I started watching House in its second season. The initial description of a cranky, drug-popping doctor treating mysterious ailments wasn’t one that appealed to me. Particularly coming on the tail end of a glut of medical shows ranging from ER to Dr. Quinn. I dismissed it as just one more doctor show.
My husband started watching it and I began catching the last twenty minutes of it when I came home from karate class. House hooked me with one line in particular:
Foreman: So your motto is ram the treatment down the patient’s throat, unless it’s curing their paralysis and then we stop?
House: Yeah. It used to be live and let live but I’m taking a needlepoint class and they gave us these really big pillowcases.
I’ve mentioned I am a sucker for good dialogue.
I’m really going to miss watching Hugh Laurie turn what should be a completely unsympathetic misanthropic character into something more. House is mean, crass, hurtful and brutally honest, with the emphasis on brutality. But Hugh Laurie managed to create a sublayer with quiet moments and subtle facial expressions. Without saying a word, he convinced me that he cared about his patients and colleagues, cared so deeply that he was bleeding deep inside for each and every one of them. The sarcasm and attacks were partly because he was absolutely convinced of his own rightness and willing to do anything to get the patient the treatment they needed. And partly, they were a shield against others knowing about his vulnerability and using it to manipulate him.
Take the snippet of dialogue above. Foreman is upset because they’ve removed a treatment which is helping their patient. He’s lashing out at House. House responds with sarcasm because he sees the answer as so obvious that it doesn’t need to be spoken. The patient was on several treatments. By withdrawing them and doing them one at a time, the team will figure out which condition the patient has and be able to treat it more effectively. Later in the episode, there’s what I call the House-crisis moment. This is when he’s no longer confident about his answers and diagnosis. The sarcasm vanishes (although the meanness and attacks still sometimes happen). His flippancy disappears as he gets more desperate to help the patient.
Within the show, House is often accused of only caring about solving the medical puzzle. But if that were true, he wouldn’t show the desperation he often does. No matter how passionately we want to solve an intellectual puzzle, we aren’t desperate to solve it. Frustrated at lack of progress, certainly. But not desperate. It’s how the actor and writers show that House really does care.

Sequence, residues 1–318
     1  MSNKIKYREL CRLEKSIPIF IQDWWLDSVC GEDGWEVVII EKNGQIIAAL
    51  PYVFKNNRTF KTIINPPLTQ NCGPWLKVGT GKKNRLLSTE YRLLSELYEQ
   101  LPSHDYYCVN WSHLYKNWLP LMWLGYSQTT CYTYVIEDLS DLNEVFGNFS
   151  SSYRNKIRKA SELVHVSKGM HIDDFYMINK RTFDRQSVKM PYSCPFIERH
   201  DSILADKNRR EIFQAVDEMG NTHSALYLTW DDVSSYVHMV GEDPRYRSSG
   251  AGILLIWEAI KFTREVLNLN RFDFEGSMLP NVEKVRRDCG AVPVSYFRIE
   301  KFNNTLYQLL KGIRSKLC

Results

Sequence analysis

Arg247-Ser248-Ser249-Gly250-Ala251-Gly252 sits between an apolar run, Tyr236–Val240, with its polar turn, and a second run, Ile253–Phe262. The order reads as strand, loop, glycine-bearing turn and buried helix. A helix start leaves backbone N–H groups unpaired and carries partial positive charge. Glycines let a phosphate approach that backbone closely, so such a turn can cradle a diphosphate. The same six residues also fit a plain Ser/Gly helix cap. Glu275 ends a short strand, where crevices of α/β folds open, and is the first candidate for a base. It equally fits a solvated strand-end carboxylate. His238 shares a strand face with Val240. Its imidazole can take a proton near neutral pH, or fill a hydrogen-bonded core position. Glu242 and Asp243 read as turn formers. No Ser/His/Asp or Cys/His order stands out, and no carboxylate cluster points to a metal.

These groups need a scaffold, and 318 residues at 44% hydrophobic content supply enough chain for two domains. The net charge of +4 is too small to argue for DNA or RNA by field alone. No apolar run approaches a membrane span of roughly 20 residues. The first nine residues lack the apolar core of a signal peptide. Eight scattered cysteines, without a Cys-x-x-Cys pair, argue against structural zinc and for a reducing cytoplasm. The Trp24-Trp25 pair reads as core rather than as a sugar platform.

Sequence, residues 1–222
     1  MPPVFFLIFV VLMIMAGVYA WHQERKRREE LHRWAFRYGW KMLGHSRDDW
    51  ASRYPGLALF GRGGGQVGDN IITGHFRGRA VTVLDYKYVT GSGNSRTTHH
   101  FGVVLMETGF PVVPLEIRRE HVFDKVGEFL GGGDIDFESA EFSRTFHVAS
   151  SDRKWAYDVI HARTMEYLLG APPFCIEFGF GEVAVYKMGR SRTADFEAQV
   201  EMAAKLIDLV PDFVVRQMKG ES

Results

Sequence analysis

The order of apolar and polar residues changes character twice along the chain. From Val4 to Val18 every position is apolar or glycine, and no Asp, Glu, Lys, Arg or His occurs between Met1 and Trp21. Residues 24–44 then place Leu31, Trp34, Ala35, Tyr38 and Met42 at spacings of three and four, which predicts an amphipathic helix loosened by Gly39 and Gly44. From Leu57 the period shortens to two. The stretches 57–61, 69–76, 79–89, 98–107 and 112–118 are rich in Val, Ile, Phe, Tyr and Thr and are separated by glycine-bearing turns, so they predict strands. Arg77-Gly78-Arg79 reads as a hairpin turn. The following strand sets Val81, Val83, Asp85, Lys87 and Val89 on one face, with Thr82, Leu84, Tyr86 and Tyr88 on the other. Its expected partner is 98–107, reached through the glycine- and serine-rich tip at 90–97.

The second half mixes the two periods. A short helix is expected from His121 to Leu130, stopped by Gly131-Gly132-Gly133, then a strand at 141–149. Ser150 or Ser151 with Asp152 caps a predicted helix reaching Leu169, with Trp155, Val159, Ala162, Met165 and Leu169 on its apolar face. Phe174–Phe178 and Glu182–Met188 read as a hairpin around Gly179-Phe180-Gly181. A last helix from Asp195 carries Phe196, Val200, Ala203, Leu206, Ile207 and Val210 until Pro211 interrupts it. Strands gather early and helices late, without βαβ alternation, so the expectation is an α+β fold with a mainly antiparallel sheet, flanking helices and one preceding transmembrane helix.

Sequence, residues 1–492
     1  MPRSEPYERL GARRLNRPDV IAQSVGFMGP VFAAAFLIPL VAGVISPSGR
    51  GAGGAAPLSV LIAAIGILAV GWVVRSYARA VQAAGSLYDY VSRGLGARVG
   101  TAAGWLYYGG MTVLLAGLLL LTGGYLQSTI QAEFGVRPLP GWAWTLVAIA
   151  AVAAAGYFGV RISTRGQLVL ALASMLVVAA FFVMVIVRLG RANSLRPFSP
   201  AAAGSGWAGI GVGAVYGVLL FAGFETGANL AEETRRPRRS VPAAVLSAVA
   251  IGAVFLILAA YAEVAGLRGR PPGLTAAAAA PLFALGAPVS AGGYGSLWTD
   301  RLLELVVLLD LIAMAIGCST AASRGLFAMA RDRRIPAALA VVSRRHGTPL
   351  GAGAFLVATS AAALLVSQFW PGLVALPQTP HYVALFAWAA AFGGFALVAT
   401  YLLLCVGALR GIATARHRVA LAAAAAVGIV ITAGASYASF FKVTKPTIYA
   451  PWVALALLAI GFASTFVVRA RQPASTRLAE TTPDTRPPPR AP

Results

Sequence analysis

My favourite episode of all time is The Lecture, an episode from the first season. House is lecturing a bunch of medical students about thinking outside the box when it comes to diagnosis. He tells them that despite what they’ve been told, right and wrong are real and not knowing which is which is no excuse for making the wrong decision. When a student is hesitating over giving an answer and complains that it’s difficult to think with him shouting and standing over her, he snarls back: Do you think it will be any easier when you have a real patient really dying?
I hope that I can someday write a character with such deep layers. I hope I can take someone who would seem to be completely amoral and unlikable and show their other side in such a way that they become fascinating to a reader.
The writers never made the mistake of turning House into a good guy. His prickliness is a part of him and downplaying it would have made the character into the same boring old Beauty and the Beast interpretation. Love/affection/satisfaction/whatever transforms the Beast into a Prince. House is always a Beast. That’s what makes the glimpses of the Prince inside so satisfying. But through it all, he’s still a Beast.
I love the series but I think they’re finishing at a good time. There’s not much more they could throw at House without venturing into the ridiculous. Ending it now makes sense. I’ll miss it, but that’s why the gods invented series DVDs.